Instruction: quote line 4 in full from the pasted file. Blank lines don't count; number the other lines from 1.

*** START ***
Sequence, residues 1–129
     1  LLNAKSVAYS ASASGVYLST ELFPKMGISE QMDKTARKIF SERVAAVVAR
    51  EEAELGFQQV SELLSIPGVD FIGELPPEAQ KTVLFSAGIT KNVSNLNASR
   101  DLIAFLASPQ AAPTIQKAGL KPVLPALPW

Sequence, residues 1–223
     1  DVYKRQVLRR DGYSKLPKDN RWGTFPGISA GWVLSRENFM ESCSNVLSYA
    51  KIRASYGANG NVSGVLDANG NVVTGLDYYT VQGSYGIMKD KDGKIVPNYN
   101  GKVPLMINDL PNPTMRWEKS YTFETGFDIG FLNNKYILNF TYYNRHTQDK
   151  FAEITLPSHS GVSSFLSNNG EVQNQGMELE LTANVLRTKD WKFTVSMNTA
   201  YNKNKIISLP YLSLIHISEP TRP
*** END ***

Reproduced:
   101  DLIAFLASPQ AAPTIQKAGL KPVLPALPW